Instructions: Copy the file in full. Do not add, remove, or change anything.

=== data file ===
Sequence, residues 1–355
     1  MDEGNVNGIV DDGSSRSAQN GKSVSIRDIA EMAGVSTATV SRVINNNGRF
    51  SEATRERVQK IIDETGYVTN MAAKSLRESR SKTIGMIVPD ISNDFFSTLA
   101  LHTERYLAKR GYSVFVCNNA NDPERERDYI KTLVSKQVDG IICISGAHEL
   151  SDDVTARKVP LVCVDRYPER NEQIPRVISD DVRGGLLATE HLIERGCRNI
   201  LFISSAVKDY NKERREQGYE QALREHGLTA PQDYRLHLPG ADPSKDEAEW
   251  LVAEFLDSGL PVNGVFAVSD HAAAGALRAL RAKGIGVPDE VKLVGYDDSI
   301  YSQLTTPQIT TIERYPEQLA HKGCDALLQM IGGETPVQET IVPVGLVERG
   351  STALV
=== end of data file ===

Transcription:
Sequence, residues 1–355
     1  MDEGNVNGIV DDGSSRSAQN GKSVSIRDIA EMAGVSTATV SRVINNNGRF
    51  SEATRERVQK IIDETGYVTN MAAKSLRESR SKTIGMIVPD ISNDFFSTLA
   101  LHTERYLAKR GYSVFVCNNA NDPERERDYI KTLVSKQVDG IICISGAHEL
   151  SDDVTARKVP LVCVDRYPER NEQIPRVISD DVRGGLLATE HLIERGCRNI
   201  LFISSAVKDY NKERREQGYE QALREHGLTA PQDYRLHLPG ADPSKDEAEW
   251  LVAEFLDSGL PVNGVFAVSD HAAAGALRAL RAKGIGVPDE VKLVGYDDSI
   301  YSQLTTPQIT TIERYPEQLA HKGCDALLQM IGGETPVQET IVPVGLVERG
   351  STALV